Date of visit: 17th October 2015
Gamla stan is a Swedish word means “The Old Town” where until 1980, is an officially “The Town between the Bridges”, a place that a tourist must visit whenever they are in town. Gamla stan consists primarily of the island called Stadsholmen which includes the surrounding islets Riddarholmen, Helgeandsholmen, and Stromsborg. The town dates back to the 13th century consists of medieval alleyways, cobbled streets and archaic architecture. North German architecture has had a strong influence in the Old Town's construction that makes you feel like walking in an old European city in ancient historic movie. Every moment that we captured that day turns out very nice due to blue sky and cold autumn weather, as reflected in below photo which has an old building, yellow leafs tree and cobbled pavement overlooking Riddarholmen islet in it.
A visit to Stockholm would not be complete if not visited its Stortorget, i.e. the scenic large square in the centre of Gamla Stan, which is surrounded by an old merchants houses including the Stockholm Stock Exchange Building. The square was the site of the Stockholm Bloodbath, where Swedish noblemen were massacred by the Danish King Christian II in November, 1520 resulting revolt and civil war that led to the dissolution of the Kalmar Union and the subsequent election of King Gustav I.
Gamla Stam is a home to the Stockholm Cathedral, the Nobel Museum, the Riddarholm church and Sweden's baroque Royal Palace, built in the 18th century after the previous palace Tre Kronor was burned down. A statue of St. George and the Dragon (sculpted by Bernt Notke) can be found in the Stockholm Cathedral, while Riddarholmskyrkan is the royal burial church. Bollhustappan, a small courtyard at Slottsbacken behind Finska kyrkan, just south of the main approach to the Royal Palace, is a home to one of the smallest statues in Sweden, a little boy in wrought iron. The plaque just below the statue says its name "Jarnpojken" or the Iron Boy, created by Liss Eriksson in 1967. It's a pity that we did not able to find it. Anyway, I combine some background facts of Gamla Stan and Riddarholm Monastery in this entry and shall divided three separate entries to record our educational visit inside the Royal Palace.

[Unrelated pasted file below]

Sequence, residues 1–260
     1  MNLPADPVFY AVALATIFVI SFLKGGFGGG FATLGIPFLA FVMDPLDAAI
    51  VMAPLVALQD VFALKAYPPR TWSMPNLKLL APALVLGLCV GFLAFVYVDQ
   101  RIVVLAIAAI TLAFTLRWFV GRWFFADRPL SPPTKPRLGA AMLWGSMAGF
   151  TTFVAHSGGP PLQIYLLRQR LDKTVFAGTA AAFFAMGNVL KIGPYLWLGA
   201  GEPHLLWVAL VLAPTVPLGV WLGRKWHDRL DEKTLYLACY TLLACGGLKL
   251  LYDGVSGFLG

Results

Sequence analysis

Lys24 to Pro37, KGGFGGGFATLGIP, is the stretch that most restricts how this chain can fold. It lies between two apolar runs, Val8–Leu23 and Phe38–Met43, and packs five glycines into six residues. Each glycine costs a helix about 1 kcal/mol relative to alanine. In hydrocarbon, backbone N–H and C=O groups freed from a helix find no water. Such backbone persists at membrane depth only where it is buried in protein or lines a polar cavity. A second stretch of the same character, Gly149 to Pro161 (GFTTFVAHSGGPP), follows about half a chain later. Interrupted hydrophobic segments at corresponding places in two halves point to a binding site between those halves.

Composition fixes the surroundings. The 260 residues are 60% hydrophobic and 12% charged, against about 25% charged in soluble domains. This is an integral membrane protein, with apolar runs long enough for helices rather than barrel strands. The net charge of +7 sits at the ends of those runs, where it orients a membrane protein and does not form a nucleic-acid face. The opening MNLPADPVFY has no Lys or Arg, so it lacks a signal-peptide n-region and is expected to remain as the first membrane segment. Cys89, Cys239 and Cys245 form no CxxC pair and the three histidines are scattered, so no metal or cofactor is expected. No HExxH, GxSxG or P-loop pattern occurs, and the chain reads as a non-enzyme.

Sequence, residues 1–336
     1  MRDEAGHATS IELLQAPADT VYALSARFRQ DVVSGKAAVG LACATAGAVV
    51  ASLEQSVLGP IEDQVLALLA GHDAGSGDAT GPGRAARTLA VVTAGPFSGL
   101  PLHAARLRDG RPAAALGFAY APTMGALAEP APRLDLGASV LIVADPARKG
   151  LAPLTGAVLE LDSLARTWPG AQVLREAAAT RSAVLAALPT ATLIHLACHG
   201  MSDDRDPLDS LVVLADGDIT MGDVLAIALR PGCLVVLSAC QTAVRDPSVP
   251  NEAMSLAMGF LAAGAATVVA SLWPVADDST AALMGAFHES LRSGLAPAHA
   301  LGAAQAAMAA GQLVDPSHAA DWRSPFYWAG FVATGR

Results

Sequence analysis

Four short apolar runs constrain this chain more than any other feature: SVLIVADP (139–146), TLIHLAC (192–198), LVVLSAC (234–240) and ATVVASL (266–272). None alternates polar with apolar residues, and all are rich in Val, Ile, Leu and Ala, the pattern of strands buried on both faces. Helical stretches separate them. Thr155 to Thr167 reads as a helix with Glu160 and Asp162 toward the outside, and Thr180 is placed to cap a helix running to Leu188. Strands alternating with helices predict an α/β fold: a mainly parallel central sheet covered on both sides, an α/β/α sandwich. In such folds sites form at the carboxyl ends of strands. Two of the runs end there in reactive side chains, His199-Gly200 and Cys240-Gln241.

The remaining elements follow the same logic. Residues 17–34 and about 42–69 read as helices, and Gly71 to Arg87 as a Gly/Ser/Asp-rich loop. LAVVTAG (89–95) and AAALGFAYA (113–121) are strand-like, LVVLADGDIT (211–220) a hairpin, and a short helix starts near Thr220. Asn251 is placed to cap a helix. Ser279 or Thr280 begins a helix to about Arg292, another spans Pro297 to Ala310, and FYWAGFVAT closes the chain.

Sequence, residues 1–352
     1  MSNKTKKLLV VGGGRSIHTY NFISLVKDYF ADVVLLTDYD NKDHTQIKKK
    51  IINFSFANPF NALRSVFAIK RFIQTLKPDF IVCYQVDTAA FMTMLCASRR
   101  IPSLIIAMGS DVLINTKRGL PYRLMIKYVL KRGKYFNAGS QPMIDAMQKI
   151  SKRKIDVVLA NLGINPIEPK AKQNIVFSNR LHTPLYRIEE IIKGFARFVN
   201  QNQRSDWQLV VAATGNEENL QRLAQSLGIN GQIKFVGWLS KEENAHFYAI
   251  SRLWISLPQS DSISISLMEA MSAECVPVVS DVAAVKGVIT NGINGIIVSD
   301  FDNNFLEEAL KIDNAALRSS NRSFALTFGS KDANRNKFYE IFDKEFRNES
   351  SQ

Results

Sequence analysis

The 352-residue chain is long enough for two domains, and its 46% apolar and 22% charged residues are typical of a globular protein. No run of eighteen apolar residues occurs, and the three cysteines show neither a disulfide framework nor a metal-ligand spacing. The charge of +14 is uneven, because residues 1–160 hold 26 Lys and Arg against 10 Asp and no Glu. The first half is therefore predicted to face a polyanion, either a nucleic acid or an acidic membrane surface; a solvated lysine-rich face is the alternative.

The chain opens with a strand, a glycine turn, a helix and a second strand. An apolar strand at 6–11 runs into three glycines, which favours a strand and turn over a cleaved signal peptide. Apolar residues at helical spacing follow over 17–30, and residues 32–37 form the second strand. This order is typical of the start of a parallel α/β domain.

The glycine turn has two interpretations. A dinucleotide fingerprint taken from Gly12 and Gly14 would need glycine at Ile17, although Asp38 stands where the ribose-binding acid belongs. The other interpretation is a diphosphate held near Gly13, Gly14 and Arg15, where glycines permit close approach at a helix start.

From the middle of 19th to middle of 20th century, Gamla stan was considered a slum area, many of its historical buildings left in disrepair. Right after the World War 2, several blocks and five alleys were demolished for the enlargement of the Riksdag or Parliament house, seen in above photo. From the 1980s, however, it has become a tourist attraction as the charm of its medieval, Renaissance architecture and later additions have been valued by later generations
|Sankt Nikolai kyrka, dated 1279|
Before leaving Gamla Stan that day, we snapped some more photos at Slotssbacken, a street facing the eastern waterfront next to the Royal Palace. It was where Church of St. Nicholas (sankt Nikolai kyrka), most commonly known as Storkyrkan, means the Great Church being the oldest church in Gamla Stan is located. We bumped into a church representation who was circulating a pamphlet, the words of John extracted from the bible. He and I were sharing short moments discussing Jesus and Islam that pretty much annoyed Anne. She snapped my photo glazing over the surrounding before I had that serious talk that she dislike and I like it very much she managed to capture the above moment. Meanwhile, below photo was what I shared from the website which has full image of Riddarholm Monastery
|Photo by Alexandru Babos as permitted to share in "wikipediacommons"|
Riddarholmen is the historical nucleus of Stockholm with buildings dated from several eras. The oldest in the vicinity is Riddarholm Church, inaugurated around 13th century as a part of monastery. The monatery was founded by the Franciscan order around 1270 on land donated by King Magnus Ladulas. The king chose the church for his last resting place and was buried there after his death in 1290. King Magnus Ladulas was son on Birger Jarls who is thought to have founded Stockholm in the 1250's. King Birger Jarl resting statue is annexed to the City Hall, if you could refer back to one of the photo in my earlier entry about Stockholm City Hall. Riddarholm church became a royal burial site from 1634 and up to 1950.
The congregation of Riddarholm Church was dissolved in 1807 and today the church is used only for burial and commemorative purposes. Swedish monarchs from Gustavus Adolphus (died in 1632 AD) to Gustaf V (died in 1950) are entombed here as can be seen in below photo that I accidently took before being warned by the church receptionist. One of Swedish royal queem, Queen Christina is buried within St. Peter's Basilica in Rome, as well as the earlier monarchs Magnus III who died in 1290 and Charles VIII, died in 1470. It has been discontinued as a royal burial place in favor of the Royal Cemetery that was built later on. Please take note that an entrance fee is chargeable at this place.
Riddarlhom Church is one of the oldest buildings in Stockholm, 745 years old, parts of it dating to the late 13th century, when it was built as a greyfriars monastery. After the Protestant Reformation, the monastery was closed and the building transformed into a Protestant church. A spire designed by Willem Boy was added during the reign of John III, but it was destroyed by a strike of lightning on July 28, 1835 after which it was replaced with the present cast iron spire.
Coats of arms of knights of the Order of the Seraphim are in the walls of the church. When a knight of the Order dies, his coat of arms is hung in the church and when the funeral takes place the church bells are rung constantly from 12:00 to 13:00. You may read some information about the place and how Gamla Stan became residence for the Swedish Royal family and Sweden's supreme legal institution.